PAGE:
M: I suppose it could be a combination of subject, location, timing and “zeitgeist” but I think I really don’t know exactly what makes an iconic photo, until I see one. It’s certainly something I hold dear, but I agree with Burri that without the opportunity, and also chance and risk - a photo could easily slide
into the generic rather than iconic status. So for me I think certainly opportunity, but also the possibility that one moment too soon or late and that photo would not exist. That’s what makes an iconic photo.

J: How do you stay challenged when mixing it up with photography and perspective?
M: I like to collect photo books, go to shows, collect magazines - obviously now you can see everything on the internet which is a blessing and a curse at the same time. I try to find inspiration and ideas in the work I like of the masters. But the best way to challenge yourself is to keep going and try new things. Be it a new subject, a new location, some new gear, or any number of things, staying challenged is often the challenge in itself.

J: Is there anyone that’s been a big inspiration for you? Photography-wise, or someone influential for you?

M: There are many. Skate photographers from the late 80’s and early 90’s: Daniel Harold Sturt, Gabe Morford, Tobin Yelland, Spike Jonez, Grant Brittain. Those guys were and still are THE inspiration. Many others too. Photographers outside of the skate world, Dianne Arbus, Irving Penn, Helmut Newton, Richard Avedon, HCB, James Nachtwey, Don McCullin, Eugene Richards, Robert Frank, so many….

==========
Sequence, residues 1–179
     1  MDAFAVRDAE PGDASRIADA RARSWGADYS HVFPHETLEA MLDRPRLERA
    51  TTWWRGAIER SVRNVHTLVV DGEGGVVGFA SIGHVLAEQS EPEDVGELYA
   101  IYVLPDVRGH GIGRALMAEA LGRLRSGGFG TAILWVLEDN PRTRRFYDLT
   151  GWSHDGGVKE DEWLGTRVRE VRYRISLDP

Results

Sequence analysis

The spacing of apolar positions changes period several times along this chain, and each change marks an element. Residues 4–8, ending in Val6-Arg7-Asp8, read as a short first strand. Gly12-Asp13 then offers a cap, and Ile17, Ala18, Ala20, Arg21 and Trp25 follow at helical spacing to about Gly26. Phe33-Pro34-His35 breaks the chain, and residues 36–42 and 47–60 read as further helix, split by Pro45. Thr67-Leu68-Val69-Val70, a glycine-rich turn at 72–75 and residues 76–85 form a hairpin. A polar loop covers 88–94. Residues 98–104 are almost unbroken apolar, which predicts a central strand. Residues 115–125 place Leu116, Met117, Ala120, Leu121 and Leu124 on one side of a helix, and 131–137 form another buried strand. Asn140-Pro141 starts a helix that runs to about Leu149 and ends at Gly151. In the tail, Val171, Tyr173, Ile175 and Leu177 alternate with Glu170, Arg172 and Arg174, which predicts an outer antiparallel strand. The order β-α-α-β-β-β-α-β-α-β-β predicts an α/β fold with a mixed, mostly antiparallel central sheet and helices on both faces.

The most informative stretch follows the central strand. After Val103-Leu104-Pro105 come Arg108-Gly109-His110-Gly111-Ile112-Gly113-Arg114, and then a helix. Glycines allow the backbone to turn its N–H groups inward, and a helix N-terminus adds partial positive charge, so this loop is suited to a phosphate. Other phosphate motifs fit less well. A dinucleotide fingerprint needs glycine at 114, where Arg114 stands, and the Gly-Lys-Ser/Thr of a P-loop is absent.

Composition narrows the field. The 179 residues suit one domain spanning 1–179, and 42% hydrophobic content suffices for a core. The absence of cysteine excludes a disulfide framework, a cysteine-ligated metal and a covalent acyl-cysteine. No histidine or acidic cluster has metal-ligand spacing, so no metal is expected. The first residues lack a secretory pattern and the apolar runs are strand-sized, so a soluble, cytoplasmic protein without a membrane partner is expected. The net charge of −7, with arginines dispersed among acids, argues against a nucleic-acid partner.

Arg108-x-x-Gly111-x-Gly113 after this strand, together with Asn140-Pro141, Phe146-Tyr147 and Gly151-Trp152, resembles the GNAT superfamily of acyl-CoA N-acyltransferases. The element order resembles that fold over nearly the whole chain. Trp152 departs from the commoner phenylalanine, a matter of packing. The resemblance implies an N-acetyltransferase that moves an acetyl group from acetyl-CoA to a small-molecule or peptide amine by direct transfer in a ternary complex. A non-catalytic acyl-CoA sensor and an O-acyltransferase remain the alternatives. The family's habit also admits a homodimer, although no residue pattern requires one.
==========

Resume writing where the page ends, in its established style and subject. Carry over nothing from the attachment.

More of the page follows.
J:. What are your main music influences?
M: Many and varied but I like Factory Records era: Stone Roses, Happy Mondays, Joy Division.. a lot of British classics, but also every time I go on a roadtrip with a new crew, I hear something new that I like. Yellowman from Jamaica always puts a smile on the face. Dub and reggae, I am a musical novice, but I like the discovery, so I’m in no rush!

J: Film vs Digital:
M: Bacon vs Eggs...? Yummy!

J: As a former editor yourself, (Slam Mag!) how do you feel about photography online. Is it as justified as if it were in Print?

M: Print is always the end goal. Whether it be in a magazine, or on a wall in a gallery... Something you can touch is always nicer than tapping a keyboard. But photos do look nice and sharp online, they just seem to disappear faster! These are the questions of our era.

J: Living in LA, You’re now the proud father of a beautiful baby boy. Will you teach him to skate, and introduce him to photography?
M: My son has naturally picked up the skateboard by default as it is just another thing around laying around the house. But he’s nearly three now, and he is a bit of a stuntman already. He surprises me daily. He has had a go at the camera too! He is a lot if fun, as long as he is enjoying what he does, I will be happy, but imagine if he steals all my tricks and gets really good at both? I would be so proud.

J:Thanks Mike - It’s been a pleasure.